News reaches Sonic Breakfast that Australian band, The Jezabels, are having to cancel all of their world tour that’s been set up to promote the release of Synthia, their frankly incredible forthcoming album. The keyboard player in the band, Heather Shannon, needs some immediate treatment for an Ovarian cancer that she’s been dealing with for the past three years.
Heather said – “Up until now, I have preferred to not let this diagnosis get in the way of getting on with life. I feel a deep frustration at this new roadblock, as I now have to take a step back and undergo treatment. The band means so much to me, and cancelling the tour has been a very sad decision. I am hopeful that in the near future we will be back on the road again playing music we love. This album means so much to us, and we were so looking forward to sharing it live with everyone.”
Cancer is a bugger isn’t it? I have a story to tell.
At some point last year (I can’t exactly pinpoint when), I noticed a ‘thing’ on my leg that didn’t want to go. Like a cigarette burn, it would threaten to heal and scab over. After a night of restless dreaming, the scab would often peel from my leg leaving my sheets dotted with dried blood.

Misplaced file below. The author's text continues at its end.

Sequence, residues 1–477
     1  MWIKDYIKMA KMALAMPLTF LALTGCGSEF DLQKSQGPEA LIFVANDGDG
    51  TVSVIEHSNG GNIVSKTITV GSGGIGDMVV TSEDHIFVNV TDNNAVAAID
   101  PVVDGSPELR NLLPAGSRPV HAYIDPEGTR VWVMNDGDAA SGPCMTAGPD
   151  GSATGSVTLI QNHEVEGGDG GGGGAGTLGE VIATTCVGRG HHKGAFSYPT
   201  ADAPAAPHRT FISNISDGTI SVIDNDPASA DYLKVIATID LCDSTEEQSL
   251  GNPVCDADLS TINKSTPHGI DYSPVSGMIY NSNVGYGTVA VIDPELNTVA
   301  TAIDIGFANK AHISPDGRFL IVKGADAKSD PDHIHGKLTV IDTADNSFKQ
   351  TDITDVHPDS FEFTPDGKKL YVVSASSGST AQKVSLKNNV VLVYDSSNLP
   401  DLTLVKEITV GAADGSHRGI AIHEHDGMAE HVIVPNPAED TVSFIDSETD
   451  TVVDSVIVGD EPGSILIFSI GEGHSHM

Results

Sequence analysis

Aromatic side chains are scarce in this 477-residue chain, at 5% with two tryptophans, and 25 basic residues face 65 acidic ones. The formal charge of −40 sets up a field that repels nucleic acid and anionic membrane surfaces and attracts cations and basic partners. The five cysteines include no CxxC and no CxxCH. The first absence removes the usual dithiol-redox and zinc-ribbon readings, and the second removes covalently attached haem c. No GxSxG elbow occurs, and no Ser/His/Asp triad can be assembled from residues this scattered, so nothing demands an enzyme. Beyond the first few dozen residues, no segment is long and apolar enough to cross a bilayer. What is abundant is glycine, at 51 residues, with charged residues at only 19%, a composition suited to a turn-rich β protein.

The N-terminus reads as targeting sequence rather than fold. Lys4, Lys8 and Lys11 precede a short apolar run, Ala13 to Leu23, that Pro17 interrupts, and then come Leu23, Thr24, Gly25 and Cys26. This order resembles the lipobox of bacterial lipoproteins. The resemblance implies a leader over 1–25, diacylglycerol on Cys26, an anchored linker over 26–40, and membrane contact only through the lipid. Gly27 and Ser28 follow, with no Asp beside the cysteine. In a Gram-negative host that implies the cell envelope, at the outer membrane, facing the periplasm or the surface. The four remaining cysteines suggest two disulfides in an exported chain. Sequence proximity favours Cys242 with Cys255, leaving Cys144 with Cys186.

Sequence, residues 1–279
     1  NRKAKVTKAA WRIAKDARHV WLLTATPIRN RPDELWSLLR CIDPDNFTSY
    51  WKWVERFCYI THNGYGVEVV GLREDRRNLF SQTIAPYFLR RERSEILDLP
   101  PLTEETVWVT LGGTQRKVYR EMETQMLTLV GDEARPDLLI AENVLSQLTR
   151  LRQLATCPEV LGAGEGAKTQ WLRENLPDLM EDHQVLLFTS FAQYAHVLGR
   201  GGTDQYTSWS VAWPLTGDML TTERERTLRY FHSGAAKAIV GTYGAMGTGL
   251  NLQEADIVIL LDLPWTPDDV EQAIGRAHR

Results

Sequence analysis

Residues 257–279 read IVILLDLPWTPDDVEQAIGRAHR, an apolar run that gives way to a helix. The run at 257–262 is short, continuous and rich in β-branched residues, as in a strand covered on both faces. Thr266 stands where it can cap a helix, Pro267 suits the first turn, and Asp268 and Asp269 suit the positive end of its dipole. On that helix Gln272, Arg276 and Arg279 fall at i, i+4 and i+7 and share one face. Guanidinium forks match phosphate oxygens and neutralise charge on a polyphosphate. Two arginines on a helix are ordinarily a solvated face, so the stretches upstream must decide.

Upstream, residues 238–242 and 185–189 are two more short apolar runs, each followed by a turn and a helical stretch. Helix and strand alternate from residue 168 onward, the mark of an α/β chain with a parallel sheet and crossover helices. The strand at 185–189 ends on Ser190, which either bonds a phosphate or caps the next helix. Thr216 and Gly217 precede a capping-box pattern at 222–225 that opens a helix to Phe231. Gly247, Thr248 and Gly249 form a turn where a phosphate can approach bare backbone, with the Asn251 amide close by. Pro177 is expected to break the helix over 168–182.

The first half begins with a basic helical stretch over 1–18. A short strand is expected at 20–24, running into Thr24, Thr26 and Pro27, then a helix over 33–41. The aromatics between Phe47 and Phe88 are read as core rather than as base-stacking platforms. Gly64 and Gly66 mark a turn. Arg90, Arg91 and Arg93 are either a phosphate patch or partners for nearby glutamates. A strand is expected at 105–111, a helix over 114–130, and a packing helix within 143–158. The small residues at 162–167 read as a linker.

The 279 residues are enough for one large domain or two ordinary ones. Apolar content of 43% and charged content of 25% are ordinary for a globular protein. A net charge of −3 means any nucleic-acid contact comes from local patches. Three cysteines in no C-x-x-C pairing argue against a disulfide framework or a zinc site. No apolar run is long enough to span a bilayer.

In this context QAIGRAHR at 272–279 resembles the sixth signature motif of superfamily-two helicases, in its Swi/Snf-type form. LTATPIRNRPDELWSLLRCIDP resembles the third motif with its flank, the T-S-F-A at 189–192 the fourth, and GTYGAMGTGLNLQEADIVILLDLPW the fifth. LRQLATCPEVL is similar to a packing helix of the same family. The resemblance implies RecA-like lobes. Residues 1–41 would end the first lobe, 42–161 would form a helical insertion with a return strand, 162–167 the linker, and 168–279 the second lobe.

A course of antibiotics (for a separate injury) didn’t heal the damned spot. Reluctantly, I trudged to my GP.
Immediately, I was referred to the Dermatology unit of a local hospital. A qualified doctor informed me that I had a perfectly treatable skin cancer; it was either a basal or squamous cell carcinoma.
‘Perfectly treatable’ it might have been but it didn’t stop my head playing all sorts of games and tricks on me. The ‘C’ word had been uttered. Even though, I knew the risks were low, my mortality still felt challenged by the events. This was freefall. I didn’t deal with it well.
Just before Christmas, I went back to the dermatology unit for an operation; the spot was removed and sent to specialists. I’m now sporting a war wound, seven stitches in a scar on my thigh. I’m yet to get the all clear but it feels good that it’s removed.
Now, I can be dramatic sometimes but I’m in no way comparing this minor cancer thing with the Ovarian cancer that Heather is dealing with. I do know though that having close friends to be able to call upon was fab when I was in freefall. And I bet that Heather is chuffed to bits that the rest of The Jezabels are supporting by not touring without her.
I spent much of yesterday listening to ‘Synthia’ on repeat whilst sat in my comfy armchair. It’s a dense, intricate record full of twists, turns and deviations that you simply aren’t expecting. Songs build from an electronic base into rock symphonies. It’s powerfully ambitious, drawing upon influence from a spectrum of the strongest women in rock and pop. With nods to Kate Bush, Chrissie Hynde and Florence Welch, this is confident, strident and emotionally appealing. The National have that knack for writing something that’s not immediately obvious which then gets into your core on repeated listens. I’d file Synthia in that sort of league.
And with that, I’m going to get back to my comfy armchair and press play again.
Thinking about you Heather..